Mussel power for building better elastomers

Lots of applications from tires to wetsuits, stretch clothing to silicone implants use elastomers. These polymers can be flexed and stretched without breaking and return to their original form afterwards. There is always room for improvement in any given class of materials. Improve elastomer strength usually involves building more cross-links between polymeric strands. Now, researchers from the University of California at Santa Barbara's Materials Research Laboratory (MRL) have taken inspiration from the byssal strands that anchor marine mussels to rocks and ship's hulls to make better elastomers. Their approach overcomes the inherent trade-off between strength and flexibility in elastomers. [Valentine et al. Science (2017) 358, 502-508; DOI: 10.1126/science.aao0350]

"In the past decade, we have made tremendous advances in understanding how biological materials maintain strength under loading," explains team member Megan Valentine. "In this paper, we demonstrate our ability to open exciting lanes of discovery for many commercial and industrial applications."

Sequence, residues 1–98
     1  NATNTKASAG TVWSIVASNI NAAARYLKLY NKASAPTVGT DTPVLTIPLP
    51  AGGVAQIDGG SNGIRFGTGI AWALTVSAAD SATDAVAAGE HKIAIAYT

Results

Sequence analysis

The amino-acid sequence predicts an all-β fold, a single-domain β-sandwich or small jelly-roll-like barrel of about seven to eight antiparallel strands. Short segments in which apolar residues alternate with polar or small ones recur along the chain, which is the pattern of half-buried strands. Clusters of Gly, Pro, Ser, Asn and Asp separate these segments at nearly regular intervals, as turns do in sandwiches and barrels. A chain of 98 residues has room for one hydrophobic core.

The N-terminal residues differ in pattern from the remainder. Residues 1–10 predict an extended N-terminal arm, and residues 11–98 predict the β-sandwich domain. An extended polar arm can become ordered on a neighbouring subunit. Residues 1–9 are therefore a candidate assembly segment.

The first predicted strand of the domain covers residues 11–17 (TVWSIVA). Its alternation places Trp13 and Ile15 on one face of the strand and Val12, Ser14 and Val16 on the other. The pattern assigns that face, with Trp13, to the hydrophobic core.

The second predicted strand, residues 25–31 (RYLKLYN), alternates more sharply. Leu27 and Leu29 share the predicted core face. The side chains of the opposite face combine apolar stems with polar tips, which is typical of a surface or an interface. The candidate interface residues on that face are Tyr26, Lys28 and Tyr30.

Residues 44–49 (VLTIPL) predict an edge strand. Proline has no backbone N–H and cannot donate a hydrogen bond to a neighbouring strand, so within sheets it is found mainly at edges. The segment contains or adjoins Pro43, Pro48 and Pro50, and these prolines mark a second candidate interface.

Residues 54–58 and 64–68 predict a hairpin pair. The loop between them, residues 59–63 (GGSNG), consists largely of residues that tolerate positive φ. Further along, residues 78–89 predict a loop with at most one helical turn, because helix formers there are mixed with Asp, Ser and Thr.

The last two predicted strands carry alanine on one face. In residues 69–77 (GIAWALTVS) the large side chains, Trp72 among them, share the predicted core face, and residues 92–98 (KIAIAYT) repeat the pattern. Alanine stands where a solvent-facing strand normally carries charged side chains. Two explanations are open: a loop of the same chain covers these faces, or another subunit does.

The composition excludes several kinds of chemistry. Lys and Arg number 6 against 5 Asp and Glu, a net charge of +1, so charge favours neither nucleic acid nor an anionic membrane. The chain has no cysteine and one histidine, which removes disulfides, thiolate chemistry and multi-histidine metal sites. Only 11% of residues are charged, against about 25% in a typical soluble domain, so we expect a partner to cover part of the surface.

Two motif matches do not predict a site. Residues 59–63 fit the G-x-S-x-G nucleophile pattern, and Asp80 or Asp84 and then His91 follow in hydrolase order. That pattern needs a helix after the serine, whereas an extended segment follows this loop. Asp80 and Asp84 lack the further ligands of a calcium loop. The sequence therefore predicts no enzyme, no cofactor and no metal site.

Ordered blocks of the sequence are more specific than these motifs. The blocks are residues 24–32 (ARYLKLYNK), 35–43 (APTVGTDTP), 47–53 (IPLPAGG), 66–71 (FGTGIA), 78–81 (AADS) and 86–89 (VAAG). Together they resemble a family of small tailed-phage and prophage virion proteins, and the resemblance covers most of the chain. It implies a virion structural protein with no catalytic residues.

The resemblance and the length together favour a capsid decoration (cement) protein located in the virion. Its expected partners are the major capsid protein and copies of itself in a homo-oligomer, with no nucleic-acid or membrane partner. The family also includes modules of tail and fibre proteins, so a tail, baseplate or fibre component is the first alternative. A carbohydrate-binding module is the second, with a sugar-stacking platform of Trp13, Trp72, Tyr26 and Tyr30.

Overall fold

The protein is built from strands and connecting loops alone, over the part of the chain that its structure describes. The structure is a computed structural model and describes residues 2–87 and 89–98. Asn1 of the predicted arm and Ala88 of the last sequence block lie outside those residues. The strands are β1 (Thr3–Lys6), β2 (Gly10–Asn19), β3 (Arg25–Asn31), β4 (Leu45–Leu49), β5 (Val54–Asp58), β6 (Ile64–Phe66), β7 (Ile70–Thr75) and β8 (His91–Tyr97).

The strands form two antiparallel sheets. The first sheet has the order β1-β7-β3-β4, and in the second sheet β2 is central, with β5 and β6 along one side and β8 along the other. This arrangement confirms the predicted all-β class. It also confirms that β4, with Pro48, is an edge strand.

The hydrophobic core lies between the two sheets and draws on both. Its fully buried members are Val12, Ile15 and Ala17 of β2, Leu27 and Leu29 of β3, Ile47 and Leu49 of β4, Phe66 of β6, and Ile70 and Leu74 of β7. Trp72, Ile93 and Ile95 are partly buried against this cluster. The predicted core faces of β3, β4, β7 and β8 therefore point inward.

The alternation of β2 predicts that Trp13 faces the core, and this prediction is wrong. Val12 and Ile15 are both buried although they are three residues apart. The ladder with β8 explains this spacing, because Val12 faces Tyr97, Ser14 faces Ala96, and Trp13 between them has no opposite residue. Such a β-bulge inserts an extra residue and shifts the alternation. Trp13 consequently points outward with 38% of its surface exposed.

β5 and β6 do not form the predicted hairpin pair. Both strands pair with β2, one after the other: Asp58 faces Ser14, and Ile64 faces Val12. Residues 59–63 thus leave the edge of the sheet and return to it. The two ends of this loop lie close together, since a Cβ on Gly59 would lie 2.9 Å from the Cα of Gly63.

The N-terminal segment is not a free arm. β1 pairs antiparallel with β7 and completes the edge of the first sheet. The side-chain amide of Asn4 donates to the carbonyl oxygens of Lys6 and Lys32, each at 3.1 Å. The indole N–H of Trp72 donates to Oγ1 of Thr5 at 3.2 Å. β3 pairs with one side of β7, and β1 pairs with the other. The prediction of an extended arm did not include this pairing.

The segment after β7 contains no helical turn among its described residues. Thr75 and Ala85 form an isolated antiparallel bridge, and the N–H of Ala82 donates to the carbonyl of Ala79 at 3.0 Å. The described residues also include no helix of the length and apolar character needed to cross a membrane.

Mussels have previously inspired wet, soft systems such as hydrogels. The UCSB team has now exploited knowledge of the iron coordination bonds found in the byssal strands to make dry polymers. Such materials might replace stiff but brittle materials in impact- and torsion-related applications.

"We found that the wet network was 25 times less stiff and broke at five times shorter elongation than a similarly constructed dry network," explains team member Emmanouela Filippidi. That is interesting but was anticipated. "What's really striking is what happened when we compared the dry network before and after adding iron. Not only did it maintain its stretchiness but it also became 800 times stiffer and 100 times tougher in the presence of these reconfigurable iron-catechol bonds."

To build these polymer networks, the team synthesized an amorphous, loosely cross-linked epoxy network and then treated it with iron to form dynamic iron-catechol cross-links. The presence of the iron provides a self-healing mechanism for the materials. With iron-catechol coordination bonds present, should any cross-link break it can reform albeit in a different place within the network. Physically, stretching the iron-catechol network does not lead to an accumulation of energy in the system. When the tension is released, the material does not then bounce back like a stretched rubber band it slowly assumes its original shape in a way akin to squashed memory foam. Such "energy-dissipative plastics" could be used to make more resilient casings for smart phones and other valuable but fragile electronics devices.

"The difference between response in wet and dry systems is huge and makes our approach a game-changer in terms of synthesizing useful engineering materials for high-impact applications," Valentine adds.

David Bradley blogs at Sciencebase Science Blog and tweets @sciencebase.